GRAND RAPIDS, Mich. (WOOD) — For the second time in less than three years, the process is underway to find a new police chief for Grand Rapids.

The process to find a new chief kicks into full gear next month, with the search firm hired to recruit candidates putting together a profile of the kind of person Grand Rapids is looking for.

A photo of Grand Rapids City Manager Mark Washington.

“That involves engaging the community, getting feedback from the department and the elected officials on the ideal qualities of a police chief,” said Grand Rapids City Manager Mark Washington. “Unfortunately with the pandemic — where we would normally like to be out in each ward and each part of the city talking to people — but a lot of the engagement will probably be virtually.”

The Grand Rapids Public Safety Committee addressed several ongoing items during its meeting Tuesday afternoon, including an update on the search process for a new police chief.

“The plan right now is to use October to work with the search consultants’ representatives to be able to develop that profile. That includes engagement with the community; that’s the full community,” said Grand Rapids Assistant City Manager Doug Matthews. “We have business representatives, we have public sector, private sector, nonprofit community representatives, neighborhood representatives that we’ll reach out to just to ask the question, ‘What are the things you’re interested in seeing in the leadership of the police department?’”

Watch a replay of the meeting below.

The profile will be completed by sometime in October.

In November, the search firm will use the profiles to recruit candidates.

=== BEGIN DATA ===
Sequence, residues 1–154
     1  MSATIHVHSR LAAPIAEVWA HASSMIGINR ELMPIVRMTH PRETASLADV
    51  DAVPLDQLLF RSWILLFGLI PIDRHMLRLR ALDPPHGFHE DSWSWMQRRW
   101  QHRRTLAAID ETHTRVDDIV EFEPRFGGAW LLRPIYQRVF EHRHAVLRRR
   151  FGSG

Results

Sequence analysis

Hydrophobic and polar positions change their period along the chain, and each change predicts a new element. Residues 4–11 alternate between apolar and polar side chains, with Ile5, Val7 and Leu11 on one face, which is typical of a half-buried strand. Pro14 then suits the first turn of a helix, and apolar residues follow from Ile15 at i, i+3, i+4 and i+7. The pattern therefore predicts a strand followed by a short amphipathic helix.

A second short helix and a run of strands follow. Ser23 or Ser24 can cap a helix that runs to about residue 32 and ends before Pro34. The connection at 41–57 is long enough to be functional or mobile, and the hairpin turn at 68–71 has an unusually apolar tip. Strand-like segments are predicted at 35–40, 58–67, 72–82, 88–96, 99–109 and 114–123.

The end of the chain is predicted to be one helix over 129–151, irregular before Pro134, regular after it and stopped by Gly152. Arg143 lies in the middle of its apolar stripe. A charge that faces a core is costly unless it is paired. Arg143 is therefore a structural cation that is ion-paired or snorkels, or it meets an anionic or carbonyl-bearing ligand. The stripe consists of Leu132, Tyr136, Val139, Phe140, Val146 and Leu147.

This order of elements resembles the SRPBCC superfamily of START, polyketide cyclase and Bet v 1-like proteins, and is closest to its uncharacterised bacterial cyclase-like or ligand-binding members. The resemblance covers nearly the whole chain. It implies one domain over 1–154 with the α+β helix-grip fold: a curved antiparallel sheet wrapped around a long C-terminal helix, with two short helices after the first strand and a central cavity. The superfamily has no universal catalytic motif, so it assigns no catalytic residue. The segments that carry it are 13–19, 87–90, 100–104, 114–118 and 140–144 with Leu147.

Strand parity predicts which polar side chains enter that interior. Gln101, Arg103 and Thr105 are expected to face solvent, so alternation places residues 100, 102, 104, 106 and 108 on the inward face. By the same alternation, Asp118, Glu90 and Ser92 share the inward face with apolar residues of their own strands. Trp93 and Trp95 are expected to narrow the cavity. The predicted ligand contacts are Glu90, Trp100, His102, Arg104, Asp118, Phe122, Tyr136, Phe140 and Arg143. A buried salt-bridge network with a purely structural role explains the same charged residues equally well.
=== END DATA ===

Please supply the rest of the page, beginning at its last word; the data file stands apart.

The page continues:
Finalist could be named as early as January, with a new chief selected shortly after that announcement.

Current Chief Eric Payne, who announced his retirement in early August, says he’ll stay on until a new chief takes over.

While the process in 2021 mirrors the process in 2019, time have changed.

2020 was a record year for homicides and other major crimes in Grand Rapids and throughout the country.

And as in other cities, civil unrest further exposed the lack of trust between police and some members of the community.

Washington says the successful candidate will have to demonstrate the ability to roll up their sleeves and prove to the community and to the members of the department that they are a leader that is trustworthy.

“Having said that, there are a lot of people in this community who do appreciate and trust our police department and so they have to find a way to leverage that as well,” said Washington.

While the search is nationwide, Washington says he’s not ruling out candidates from within the department.

During the Grand Rapids Public Safety Committee meeting on Tuesday, a regional public safety training center presentation presented by Grand Rapids Community College also took place.

“Our entire purpose is to provide opportunities that are responsive to community needs through educational and training programs, which ultimately benefit the broader community. It is in the spirit of that community responsiveness that the public safety work began,” Brian Knetl, the provost and executive vice president of academic and student affairs for GRCC, said.

—News 8’s Luke Laster contributed to this report.